Chocolate pear jam

I've had this recipe bookmarked for awhile, and a few weekends ago I took the plunge. I armed myself with an armful of Bosch pears, the new Decemberists album and the quiet of a snowy morning. That's just what you do when you find a recipe for chocolate pear jam. You make it happen, no questions asked.

As is so often the case with jam recipes, my yield differed from what was called for. Likely because of a mis-measurement of pears on my part or some science-related explanation of the air quality and humidity levels that morning. I doubled the recipe and ended up yielding only 3 1/2 half pint jars, instead of the four I imagined.

Upon finishing up, I promptly made a batch of scones because I had to. Again, it was chocolate pear jam protocol and I had no choice. Croissants would have also been an acceptable option, and in that case you would do well to just buy them at a local bakery because 1) no one has time to make croissants and 2) I never want to witness how much butter goes into them. It would ruin the experience.

That afternoon, I spread a generous portion of chocolate pear jam atop a freshly baked scone and I thought to myself, "This will save lives." Now, I don't know if that is strictly true in the medical sense of things, but I do know that I will never underestimate the medicinal properties of warm chocolatey pear jam and a pastry. It helps if you stand over the stove stirring the jam and staring out the window as the snow falls, but you might be able to get the same benefit by stealing a jar of the good stuff from someone else. I don't know, but that's why I'm on a mission to put up jars of weird, delicious things you won't easily find at the store. What was once just a shelf to show off my preserves has become an apothecary of sorts, and anything with chocolate in it is bound to show up on the prescription pad.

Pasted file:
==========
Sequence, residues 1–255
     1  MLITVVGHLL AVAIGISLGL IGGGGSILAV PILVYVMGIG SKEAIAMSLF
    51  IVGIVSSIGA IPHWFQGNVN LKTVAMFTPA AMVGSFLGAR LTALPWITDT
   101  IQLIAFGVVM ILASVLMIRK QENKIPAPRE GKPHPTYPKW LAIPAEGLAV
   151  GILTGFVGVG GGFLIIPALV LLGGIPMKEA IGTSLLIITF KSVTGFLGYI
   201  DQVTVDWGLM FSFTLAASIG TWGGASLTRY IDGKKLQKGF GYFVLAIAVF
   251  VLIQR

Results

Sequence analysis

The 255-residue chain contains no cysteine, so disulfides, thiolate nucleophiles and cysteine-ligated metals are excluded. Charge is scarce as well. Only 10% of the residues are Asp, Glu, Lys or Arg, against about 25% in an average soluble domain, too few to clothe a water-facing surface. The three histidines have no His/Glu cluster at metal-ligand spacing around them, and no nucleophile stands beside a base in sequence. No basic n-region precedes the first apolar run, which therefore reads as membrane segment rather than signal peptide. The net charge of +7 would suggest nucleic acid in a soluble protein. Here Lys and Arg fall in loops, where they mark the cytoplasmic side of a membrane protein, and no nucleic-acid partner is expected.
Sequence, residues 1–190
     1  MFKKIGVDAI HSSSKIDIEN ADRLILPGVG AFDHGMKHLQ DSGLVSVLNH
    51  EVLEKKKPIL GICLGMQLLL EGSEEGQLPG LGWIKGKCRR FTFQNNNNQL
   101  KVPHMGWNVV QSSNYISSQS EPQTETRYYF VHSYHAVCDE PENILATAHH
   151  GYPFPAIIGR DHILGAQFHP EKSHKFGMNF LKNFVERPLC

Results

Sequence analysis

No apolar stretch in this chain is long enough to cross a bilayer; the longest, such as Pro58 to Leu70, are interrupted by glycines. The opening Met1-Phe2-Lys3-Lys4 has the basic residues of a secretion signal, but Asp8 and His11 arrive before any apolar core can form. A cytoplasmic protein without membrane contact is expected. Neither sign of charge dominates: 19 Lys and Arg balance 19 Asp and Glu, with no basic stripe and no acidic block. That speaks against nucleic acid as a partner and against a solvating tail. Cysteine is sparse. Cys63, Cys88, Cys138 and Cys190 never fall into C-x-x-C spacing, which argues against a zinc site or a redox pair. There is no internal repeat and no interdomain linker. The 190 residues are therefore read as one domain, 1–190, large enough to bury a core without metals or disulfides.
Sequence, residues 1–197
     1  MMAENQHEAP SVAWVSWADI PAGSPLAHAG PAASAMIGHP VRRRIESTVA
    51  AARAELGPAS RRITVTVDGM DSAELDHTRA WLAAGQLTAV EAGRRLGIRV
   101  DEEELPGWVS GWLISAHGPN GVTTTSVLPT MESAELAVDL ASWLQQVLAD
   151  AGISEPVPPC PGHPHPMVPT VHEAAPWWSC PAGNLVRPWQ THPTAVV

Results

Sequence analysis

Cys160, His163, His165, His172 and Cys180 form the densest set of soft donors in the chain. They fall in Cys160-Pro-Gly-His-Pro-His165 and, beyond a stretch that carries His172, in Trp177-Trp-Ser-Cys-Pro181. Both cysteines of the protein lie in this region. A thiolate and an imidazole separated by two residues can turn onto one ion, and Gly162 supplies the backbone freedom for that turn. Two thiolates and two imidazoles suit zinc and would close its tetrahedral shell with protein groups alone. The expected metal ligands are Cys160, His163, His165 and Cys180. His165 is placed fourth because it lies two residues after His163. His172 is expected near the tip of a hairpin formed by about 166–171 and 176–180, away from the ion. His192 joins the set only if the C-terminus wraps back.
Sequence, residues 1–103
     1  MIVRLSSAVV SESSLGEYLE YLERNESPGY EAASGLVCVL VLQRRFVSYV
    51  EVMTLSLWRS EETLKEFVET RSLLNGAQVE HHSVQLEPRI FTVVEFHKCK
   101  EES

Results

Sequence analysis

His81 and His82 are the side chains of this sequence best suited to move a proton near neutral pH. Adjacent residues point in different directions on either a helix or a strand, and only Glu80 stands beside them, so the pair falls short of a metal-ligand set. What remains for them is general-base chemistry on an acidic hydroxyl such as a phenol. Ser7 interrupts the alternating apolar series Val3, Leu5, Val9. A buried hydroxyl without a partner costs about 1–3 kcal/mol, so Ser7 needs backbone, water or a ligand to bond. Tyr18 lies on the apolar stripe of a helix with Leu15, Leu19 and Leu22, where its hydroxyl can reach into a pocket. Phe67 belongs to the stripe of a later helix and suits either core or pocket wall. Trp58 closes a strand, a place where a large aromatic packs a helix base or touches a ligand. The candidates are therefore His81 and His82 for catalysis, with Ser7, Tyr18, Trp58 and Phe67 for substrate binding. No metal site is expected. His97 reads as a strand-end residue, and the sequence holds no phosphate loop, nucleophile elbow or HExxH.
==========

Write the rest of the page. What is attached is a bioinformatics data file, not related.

Would you try chocolate pear jam? You really should. I wonder if my batch is more chocolate-y than the author intended but, then again, I'm not sure that's actually a problem. This is a phenomenal fancy jam that will totally win over your house guests or make your gift of a home-canned jar of something seem really special and not like an afterthought. It's the real deal.

Recipe is another good one fromPreserving by the Pint: Quick Seasonal Canning for Small Spaces. You can find a similar, but not quite the same, recipe on the author's website Food in Jars.

Cranberry ketchup

Continuing my strategy of canning only the weird recipes, right after the holidays I made up a batch of cranberry ketchup using the recipe in Food in Jars. While I was at it, I used the leftover cranberries to make a few jars of cranberry simple syrup to freshen up seltzer and cocktails.

What's cranberry ketchup? I, like so many of you, was totally thrown off the first time I heard about non-tomato ketchup. WHAT DO YOU MEAN, NO TOMATOES?! That's the beauty of these weird little recipes; they blow up your preconceptions and smash your traditions. I like that sometimes. As it turns out, you can make ketchup from lots of things that aren't tomatoes. What makes ketchup so ketchup-y tends to be the spices and flavor you add to the main ingredient. So for the cranberry ketchup, I sweetened it, spiced it, added onions to it and cooked it way down to a thick, french-fry-dipping consistency.

The verdict? Pretty tasty. It tastes exactly like cranberry ketchup should. Undeniably in the ketchup family, with a slightly odd tartness from the cherries. It hasn't replaced my other ketchup substitute, the beloved tomato jam, but it's a nice switch from my sugary, processed Heinz bottle.

And yes, if you are wondering, I'm a ketchup person. I bastardize my eggs with it and dip everything in it I can find and, in my wild youth, had been known to put it on my mac and cheese. It's blasphemous, but it's delicious. At least I'm trying to expand my ketchup palate, right?